2015 A to Z Challenge: Y is for YOUTH and YOUNG ADULTS

A-Z Challenge 2015

How is writing historical fiction for young adults or children different?As with all fiction, the difference lies in the length of the novel, the use of teenage or child characters. What else? Deborah Swift describes the differences in this article.

Mother and child, North Cape, Norway
Mother and child, North Cape, Norway

By Miriam Drori

Author, editor, attempter of this thing called life. Social anxiety warrior. Cultivating a Fuji, edition 3, a poignant, humorous and uplifting tale, published with Ocelot Press, January 2023.

4 replies on “2015 A to Z Challenge: Y is for YOUTH and YOUNG ADULTS”

I’ve come to feel YA historical is a bit of an oxymoron, at least in the current U.S. market. So many so-called YA historicals I’ve seen in the last 10 years or so seem more focused on a young person (often written as much more modern) who just happens to be living through history, instead of putting the focus on the history and featuring characters who just happen to be young. There’s also the whole issue of teenagers and even preteens of 50+ years ago being more mature than their modern counterparts, with different obligations and responsibilities.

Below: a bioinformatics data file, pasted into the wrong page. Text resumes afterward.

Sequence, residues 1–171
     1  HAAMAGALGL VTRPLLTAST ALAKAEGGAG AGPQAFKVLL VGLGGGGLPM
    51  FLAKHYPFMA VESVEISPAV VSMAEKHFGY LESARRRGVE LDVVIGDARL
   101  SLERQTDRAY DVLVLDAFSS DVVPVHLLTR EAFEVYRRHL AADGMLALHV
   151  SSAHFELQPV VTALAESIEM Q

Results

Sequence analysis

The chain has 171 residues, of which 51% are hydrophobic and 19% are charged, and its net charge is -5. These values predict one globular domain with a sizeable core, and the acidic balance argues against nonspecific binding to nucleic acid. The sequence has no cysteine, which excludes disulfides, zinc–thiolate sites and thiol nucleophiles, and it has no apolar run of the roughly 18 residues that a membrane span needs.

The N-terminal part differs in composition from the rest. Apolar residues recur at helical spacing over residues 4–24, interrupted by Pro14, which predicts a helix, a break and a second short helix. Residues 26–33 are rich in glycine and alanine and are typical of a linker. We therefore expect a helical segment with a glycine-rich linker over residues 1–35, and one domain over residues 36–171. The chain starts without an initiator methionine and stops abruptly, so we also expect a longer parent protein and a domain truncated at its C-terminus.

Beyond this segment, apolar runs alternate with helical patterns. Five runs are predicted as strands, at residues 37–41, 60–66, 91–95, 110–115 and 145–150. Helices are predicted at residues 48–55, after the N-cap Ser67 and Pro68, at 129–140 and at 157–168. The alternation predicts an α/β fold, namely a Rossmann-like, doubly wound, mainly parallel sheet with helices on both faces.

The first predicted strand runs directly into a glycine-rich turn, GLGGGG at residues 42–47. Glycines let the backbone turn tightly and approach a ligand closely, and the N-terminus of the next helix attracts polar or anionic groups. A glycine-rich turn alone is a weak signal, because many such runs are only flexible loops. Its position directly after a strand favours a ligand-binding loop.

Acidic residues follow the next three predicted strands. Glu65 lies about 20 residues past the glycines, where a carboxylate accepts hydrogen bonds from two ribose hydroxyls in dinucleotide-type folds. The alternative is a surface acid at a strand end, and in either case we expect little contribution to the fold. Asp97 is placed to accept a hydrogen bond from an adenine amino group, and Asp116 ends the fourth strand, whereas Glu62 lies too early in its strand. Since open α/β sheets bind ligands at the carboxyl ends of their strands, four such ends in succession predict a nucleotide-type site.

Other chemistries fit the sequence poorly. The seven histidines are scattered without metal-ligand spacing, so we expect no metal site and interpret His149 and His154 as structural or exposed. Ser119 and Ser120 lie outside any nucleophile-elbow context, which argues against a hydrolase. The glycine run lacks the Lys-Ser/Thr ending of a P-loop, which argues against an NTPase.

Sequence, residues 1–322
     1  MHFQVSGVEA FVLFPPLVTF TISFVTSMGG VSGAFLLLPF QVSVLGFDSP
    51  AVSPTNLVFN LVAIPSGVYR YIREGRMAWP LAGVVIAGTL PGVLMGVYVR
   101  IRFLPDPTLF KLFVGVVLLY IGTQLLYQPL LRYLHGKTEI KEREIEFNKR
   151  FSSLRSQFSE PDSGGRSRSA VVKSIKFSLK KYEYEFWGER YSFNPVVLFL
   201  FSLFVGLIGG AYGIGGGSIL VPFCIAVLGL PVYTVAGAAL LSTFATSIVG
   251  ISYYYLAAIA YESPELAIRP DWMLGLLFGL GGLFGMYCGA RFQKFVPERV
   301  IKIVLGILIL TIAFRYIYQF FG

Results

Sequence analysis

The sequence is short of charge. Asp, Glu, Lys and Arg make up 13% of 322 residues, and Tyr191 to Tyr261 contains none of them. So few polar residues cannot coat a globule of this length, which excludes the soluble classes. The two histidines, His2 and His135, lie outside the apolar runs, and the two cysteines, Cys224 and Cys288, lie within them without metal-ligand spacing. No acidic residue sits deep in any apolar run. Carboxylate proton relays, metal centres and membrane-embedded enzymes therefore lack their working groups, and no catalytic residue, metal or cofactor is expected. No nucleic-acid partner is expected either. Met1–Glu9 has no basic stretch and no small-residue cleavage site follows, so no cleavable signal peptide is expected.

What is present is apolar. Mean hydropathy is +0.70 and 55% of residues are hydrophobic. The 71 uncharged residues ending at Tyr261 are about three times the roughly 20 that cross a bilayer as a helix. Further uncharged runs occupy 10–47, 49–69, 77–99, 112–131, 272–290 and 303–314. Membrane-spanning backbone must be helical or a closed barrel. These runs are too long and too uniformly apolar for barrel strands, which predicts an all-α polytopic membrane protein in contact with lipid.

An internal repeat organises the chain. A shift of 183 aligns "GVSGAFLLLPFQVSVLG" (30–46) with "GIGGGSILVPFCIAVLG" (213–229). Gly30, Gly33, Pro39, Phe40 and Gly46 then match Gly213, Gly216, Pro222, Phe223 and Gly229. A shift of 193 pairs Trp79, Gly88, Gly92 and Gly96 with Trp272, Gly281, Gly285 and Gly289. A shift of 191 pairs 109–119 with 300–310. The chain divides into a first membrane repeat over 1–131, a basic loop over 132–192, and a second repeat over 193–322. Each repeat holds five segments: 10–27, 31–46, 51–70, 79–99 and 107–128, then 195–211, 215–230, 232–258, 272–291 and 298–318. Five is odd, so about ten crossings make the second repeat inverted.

Women are better at studying since they can keep their focus and concentration for
many hours. Depending on your choice of colour,
your choice of silk knots can indicate your mood for the day.
Dream Telepathy is definitely an amazing application to make use of.

A lot of advice that is available to guys is just plain wrong, probably because it was written for guys by a guy.

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